Elder care couple's license revoked in California

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A Carson City couple found innocent in May of neglecting an elderly resident at Nevada Cares has admitted to the same allegations in California.

Norma and Michael Childers, former owners of Fresno Cares Home for Seniors Inc., signed a stipulation order Thursday with the California Department of Social Services admitting they provided inadequate care to elderly residents at an elderly care facility.

Both Childers agreed to surrender their license to operate in California. They will not be able to apply for another license in that state for 10 years.

The move also shelters them from further litigation by the department, which sought sanctions against them.

Norma Childers said Tuesday she signed the agreement to end an unnecessary legal battle over a facility that she and her husband sold two months ago.

"This is about the very same case we were found innocent of in Nevada," she said. "It's already been sold; that's why we settled."

Among the findings by the Social Services Department to which the Childerses agreed are that they:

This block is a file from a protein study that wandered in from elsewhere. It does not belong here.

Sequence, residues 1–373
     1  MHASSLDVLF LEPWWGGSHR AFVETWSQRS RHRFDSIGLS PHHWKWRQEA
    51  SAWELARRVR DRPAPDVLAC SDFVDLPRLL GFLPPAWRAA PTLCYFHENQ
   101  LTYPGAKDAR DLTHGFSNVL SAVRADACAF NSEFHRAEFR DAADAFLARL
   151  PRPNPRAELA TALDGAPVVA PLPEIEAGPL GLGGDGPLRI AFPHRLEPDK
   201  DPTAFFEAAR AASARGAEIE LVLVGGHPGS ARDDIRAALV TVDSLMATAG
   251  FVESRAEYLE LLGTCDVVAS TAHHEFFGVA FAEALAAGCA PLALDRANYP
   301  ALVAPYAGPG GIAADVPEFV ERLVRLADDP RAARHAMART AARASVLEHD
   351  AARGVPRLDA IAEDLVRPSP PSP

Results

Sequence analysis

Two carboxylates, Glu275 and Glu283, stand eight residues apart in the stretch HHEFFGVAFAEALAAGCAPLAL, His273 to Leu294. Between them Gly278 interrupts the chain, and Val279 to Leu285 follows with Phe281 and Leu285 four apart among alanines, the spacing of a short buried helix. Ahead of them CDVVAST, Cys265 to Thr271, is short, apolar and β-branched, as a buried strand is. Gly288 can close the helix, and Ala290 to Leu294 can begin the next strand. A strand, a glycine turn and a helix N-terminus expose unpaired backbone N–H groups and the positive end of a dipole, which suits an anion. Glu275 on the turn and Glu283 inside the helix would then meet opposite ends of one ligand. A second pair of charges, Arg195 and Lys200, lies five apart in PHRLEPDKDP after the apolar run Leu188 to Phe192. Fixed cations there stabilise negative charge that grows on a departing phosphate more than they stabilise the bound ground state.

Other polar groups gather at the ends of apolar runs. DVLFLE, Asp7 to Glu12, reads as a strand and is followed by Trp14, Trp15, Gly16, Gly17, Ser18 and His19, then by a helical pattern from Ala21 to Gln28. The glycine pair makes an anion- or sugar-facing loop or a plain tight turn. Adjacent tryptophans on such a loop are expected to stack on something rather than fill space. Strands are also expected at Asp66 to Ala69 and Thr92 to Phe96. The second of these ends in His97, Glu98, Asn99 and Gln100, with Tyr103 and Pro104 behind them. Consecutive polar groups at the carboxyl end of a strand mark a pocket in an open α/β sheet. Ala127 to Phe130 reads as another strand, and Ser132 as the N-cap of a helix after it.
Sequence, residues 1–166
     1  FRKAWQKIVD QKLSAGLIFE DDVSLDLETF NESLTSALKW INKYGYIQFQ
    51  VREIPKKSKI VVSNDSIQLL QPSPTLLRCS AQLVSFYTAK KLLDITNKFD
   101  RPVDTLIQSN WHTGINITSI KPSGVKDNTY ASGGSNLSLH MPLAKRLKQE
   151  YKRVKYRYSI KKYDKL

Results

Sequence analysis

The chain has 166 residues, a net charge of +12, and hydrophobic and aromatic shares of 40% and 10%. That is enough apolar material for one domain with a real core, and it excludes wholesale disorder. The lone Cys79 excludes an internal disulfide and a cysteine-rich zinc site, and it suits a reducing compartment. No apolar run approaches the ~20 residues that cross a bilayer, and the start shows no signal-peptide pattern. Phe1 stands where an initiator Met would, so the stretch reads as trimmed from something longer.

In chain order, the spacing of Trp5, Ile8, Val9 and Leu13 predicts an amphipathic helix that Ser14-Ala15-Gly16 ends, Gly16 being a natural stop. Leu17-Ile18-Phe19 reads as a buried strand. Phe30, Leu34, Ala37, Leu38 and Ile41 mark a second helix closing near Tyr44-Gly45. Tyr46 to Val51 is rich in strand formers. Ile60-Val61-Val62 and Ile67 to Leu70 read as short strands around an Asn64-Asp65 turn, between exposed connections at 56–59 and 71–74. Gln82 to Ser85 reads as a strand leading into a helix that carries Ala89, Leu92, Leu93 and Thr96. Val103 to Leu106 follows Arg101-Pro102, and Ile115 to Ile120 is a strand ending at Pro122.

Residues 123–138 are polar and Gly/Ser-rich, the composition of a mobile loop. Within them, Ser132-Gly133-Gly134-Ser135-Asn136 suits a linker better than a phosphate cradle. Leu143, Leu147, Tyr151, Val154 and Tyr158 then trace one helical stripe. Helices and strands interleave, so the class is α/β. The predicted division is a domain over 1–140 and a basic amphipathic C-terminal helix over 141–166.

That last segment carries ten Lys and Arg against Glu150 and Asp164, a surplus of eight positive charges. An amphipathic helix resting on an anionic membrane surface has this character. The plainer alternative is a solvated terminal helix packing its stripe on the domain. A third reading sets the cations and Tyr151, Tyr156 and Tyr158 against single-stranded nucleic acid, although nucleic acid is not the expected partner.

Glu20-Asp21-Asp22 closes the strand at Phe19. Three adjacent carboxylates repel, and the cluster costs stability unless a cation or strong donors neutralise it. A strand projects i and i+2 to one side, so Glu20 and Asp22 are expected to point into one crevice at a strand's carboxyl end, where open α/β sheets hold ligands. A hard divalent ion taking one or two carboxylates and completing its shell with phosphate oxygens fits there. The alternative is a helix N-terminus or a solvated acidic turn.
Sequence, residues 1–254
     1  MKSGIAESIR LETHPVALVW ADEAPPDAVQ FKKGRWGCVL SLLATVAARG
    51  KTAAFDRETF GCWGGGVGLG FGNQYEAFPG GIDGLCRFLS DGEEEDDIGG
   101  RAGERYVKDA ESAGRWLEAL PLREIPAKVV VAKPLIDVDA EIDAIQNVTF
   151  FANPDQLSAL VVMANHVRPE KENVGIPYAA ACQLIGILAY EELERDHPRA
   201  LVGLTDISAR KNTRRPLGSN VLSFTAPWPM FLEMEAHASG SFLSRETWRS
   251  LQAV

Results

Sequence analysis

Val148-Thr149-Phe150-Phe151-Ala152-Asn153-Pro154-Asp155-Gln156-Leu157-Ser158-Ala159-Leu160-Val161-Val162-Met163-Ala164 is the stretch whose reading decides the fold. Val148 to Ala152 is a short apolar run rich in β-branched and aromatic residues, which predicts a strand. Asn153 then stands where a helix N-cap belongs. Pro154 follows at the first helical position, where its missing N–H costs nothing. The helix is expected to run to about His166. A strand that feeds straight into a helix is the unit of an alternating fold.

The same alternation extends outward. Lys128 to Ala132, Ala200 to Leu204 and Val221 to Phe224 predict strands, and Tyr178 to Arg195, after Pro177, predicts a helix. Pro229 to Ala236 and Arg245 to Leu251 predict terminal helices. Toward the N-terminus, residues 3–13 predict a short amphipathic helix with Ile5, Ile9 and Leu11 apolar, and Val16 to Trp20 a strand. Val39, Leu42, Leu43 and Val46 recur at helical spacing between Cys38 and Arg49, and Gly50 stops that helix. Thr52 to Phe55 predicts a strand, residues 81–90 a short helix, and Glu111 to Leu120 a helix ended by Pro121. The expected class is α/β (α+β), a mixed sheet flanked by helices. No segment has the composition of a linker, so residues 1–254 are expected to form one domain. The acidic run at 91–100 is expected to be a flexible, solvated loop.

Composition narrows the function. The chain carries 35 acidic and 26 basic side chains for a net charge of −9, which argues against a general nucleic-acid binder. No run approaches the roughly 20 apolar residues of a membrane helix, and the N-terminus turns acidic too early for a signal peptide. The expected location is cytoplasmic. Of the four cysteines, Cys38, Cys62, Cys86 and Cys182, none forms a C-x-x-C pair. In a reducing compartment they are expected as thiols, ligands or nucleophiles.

- Failed to provide adequate care and supervision to clients and violated clients' personal rights.

- Failed to timely fingerprint or obtain necessary health screenings for staff.

- Failed to report injuries or incidents that may have threatened the health or safety of residents.

- Intentionally failed to disclose information about the operation of the facility.

During the May case, the Childers pair went to trial for suspicion of felony elder abuse against a 78-year-old woman who lived in Nevada Cares, their Carson City facility. That company was also sold.

After a three-hour deliberation, a jury found the them innocent of felony and misdemeanor crimes. During the trial, the two were accused of ignoring signs of decline in 78-year-old Camille Catalfano.

The Childers had operated Nevada Cares for 12 years prior to the charges.

"They wanted to prove that we had a pattern of abuse," she said. "In 12 years we had one complaint."

During the trial, defense attorney Bill Maddox pointed to a history of cancer and blood disease as the causes of Catalfano's decline. Deputy Attorney General Mark Kemberling argued that bed sores and mold in Catalfano's gums were signs that she was not properly attended.

The California Department of Social Services began investigating the Childerses after the Nevada Attorney General's Office unsuccessfully prosecuted the case.

"The first court stuff just kind of soured us," Norma Childers said. "We've already gone through a state hearing and now we have to go through it all again.

"My heart's still there, but I can't go through it again."


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